I well remember being lectured by Transcendental Meditation teachers half a lifetime ago.
“There are some days,” my well-meaning round-eyed moonchild of a mentor told the group solemnly. “When you wake up and everything goes well. The sun us shining, the air is fresh, your clothes feel great, your work goes well and everything you do is charged with joy.
“And then, there are the other times.
“You wake up feeling bleary and your face looks old in the mirror. Your clothes will not fit and everything you do is laced with irritation.
“On those days it is important to remember: it’s not them. The world’s the same as it always was. It’s you.”
Well, gee, thanks for that, I remember reflecting dryly, if inwardly. That was worth the hefty £500 course fee.
Today I woke up and the sun was shining. Life was good.
And then the small elves whose job it is to put miniscule but fiendishly effective spanners in the works began to make their presence felt.
My running app refused point blank to work. I could not do my morning run. Already I felt argumentative.
The day disappeared with rather more haste than I would have liked. We visited my nephew, Big Al’s family. The diminutive blonde four year old had commandeered the vacuum cleaner hose as a gun. He wasn’t taking prisoners. He was practically goose stepping around the house.
I cooked lunch and Felix came up with a wonderful plan. Why didn’t we do the Midsomer Murders trail?
Free, peppered with luscious locations and starting just yards from the Roald Dahl Museum in Aylesbury, it sounded like a Really Good Idea.
Today the satnav was not playing. It sulked in a corner and told me it simply would not calculate the route.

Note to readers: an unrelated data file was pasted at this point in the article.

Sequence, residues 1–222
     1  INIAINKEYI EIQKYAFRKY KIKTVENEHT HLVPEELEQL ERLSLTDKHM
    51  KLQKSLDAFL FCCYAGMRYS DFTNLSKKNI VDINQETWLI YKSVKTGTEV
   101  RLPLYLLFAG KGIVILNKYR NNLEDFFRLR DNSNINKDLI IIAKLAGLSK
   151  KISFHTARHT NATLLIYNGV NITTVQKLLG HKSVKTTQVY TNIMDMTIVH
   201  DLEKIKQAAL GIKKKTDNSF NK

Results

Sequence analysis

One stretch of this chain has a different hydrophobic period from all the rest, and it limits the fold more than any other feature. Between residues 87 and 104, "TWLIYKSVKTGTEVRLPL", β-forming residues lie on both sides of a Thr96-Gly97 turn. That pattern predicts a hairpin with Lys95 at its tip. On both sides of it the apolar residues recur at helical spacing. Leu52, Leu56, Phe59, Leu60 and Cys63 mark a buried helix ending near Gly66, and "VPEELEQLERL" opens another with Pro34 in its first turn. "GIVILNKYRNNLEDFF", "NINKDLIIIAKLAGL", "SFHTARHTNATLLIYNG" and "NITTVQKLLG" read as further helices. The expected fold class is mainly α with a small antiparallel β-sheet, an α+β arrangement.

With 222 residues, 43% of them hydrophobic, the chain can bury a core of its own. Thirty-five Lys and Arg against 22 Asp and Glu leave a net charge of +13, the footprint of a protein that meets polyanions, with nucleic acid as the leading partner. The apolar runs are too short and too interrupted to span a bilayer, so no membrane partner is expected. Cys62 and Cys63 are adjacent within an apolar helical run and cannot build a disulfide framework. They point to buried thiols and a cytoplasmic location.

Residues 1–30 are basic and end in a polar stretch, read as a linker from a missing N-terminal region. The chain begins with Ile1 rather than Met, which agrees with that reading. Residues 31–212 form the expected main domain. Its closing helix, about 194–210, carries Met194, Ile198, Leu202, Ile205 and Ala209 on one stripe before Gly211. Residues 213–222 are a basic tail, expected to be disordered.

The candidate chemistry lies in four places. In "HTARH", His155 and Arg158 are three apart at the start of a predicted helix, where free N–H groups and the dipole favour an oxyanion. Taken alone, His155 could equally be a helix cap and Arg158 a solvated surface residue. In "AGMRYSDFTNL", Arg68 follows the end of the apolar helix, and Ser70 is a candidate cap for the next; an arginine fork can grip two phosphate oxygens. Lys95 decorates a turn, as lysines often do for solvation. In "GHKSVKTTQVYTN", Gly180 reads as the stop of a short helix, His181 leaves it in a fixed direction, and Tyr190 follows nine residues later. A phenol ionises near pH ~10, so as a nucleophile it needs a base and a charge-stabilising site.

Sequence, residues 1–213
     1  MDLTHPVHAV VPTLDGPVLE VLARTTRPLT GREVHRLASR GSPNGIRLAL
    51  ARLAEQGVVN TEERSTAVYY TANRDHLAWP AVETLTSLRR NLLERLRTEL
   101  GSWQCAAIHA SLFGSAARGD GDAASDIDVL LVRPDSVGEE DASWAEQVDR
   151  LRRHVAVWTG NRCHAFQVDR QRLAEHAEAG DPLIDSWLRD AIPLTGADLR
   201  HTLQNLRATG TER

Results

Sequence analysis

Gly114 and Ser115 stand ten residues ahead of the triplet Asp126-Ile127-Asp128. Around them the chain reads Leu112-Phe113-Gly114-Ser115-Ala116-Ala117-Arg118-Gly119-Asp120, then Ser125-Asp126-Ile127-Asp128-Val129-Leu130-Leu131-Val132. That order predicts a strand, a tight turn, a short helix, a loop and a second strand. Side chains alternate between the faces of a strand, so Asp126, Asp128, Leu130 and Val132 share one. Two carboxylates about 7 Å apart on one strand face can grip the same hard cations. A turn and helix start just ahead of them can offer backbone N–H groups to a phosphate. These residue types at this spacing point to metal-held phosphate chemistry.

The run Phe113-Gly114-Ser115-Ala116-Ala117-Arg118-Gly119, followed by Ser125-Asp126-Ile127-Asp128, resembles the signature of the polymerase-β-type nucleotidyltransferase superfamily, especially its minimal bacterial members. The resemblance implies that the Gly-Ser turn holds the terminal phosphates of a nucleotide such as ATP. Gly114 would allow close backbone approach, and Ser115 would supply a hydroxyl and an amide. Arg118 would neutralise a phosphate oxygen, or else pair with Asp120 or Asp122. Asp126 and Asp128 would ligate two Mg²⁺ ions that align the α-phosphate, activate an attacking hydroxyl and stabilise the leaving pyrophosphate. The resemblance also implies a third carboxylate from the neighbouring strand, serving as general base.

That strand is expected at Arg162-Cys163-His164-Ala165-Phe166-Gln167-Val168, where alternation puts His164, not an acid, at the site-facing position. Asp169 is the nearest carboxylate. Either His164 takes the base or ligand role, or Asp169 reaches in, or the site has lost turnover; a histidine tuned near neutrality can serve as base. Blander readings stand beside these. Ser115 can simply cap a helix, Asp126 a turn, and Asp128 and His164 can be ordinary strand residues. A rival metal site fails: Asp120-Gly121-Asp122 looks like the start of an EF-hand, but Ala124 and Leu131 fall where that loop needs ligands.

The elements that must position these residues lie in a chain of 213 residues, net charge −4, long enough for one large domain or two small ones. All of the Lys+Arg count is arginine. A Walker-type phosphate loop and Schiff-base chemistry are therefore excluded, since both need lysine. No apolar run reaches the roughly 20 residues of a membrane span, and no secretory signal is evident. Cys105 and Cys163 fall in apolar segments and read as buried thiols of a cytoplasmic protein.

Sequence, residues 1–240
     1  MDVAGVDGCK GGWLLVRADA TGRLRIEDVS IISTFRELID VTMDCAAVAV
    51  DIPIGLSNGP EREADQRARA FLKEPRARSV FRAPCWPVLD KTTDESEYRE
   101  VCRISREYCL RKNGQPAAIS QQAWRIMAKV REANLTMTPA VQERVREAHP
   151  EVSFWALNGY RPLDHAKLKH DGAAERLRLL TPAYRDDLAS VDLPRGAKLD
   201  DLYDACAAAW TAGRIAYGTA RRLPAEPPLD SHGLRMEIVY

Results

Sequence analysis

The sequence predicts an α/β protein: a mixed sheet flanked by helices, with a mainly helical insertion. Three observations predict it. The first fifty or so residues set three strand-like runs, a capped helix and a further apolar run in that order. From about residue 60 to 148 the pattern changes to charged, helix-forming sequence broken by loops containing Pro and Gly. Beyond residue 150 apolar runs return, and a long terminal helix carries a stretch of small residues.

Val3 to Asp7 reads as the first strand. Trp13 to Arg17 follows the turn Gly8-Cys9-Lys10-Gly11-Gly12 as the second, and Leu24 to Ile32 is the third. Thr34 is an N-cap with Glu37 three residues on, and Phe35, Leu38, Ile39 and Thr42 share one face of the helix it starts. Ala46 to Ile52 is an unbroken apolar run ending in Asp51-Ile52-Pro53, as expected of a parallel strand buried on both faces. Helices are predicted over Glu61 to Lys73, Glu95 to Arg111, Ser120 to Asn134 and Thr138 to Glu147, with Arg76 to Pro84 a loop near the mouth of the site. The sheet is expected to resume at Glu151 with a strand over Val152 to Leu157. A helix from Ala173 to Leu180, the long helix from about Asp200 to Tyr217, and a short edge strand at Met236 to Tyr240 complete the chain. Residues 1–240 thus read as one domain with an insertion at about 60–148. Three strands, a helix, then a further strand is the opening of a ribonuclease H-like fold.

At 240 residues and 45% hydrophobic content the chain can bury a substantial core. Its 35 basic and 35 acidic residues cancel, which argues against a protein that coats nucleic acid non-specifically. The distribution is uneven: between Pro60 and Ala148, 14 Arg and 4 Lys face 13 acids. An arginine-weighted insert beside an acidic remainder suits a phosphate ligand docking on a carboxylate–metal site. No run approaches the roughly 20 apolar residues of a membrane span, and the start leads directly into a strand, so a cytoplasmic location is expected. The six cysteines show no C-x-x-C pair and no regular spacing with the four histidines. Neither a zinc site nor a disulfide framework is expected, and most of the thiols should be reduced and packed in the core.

I made a hasty choice. That’s ok, I told the kids. It’s down the M4.
It is. And then very long way down the A40. I had no idea how far: this is Britain, and we think very carefully about driving anywhere for two hours.
After 45 minutes’ drive we went to pow-wow in the service station. Over coke and crisps, we ascertained gloomily that we were not going to trail after Midsomer Murders.
But The Vale of the White Horse was just 15 miles away. We could grab a picnic and explore.
Except that the Satnav was on the go-slow of its short life. The power of leading a clueless family about willy nilly had gone to its circuits. I ended up charging off in a deeply unsuitable direction.
“Kids,” I sighed, “I’m so sorry. Shall we give up and go home?”
The kids were philosophical about it. ‘We could have our picnic in the forest by the pond,” ventured Felix.
We did. The kids chattered and the dog rolled and ambled and christened and ate grass and gagged noisily and theatrically. When we got to the pond Felix found a nice stick to play boats with.
“I name this ship: HMS Thirteen!” he declared triumphantly.
“In that case, I confess, Felix, ” I rejoined, “that I don’t hold out much hope for it.”
He grinned happily.
Felix was delighted. “Hey, Maddie, I just called a ship HMS Thirteen and it sank!”
It has been a day of HMS Thirteen scenarios. But there was really no need to fret. We have so many days which jazz the synapses that one can be delighted when one’s HMS Thirteen has sunk.
For there we were, in the dappled light of an English forest, watching the reflections dance on the lily pads, munching a very English picnic.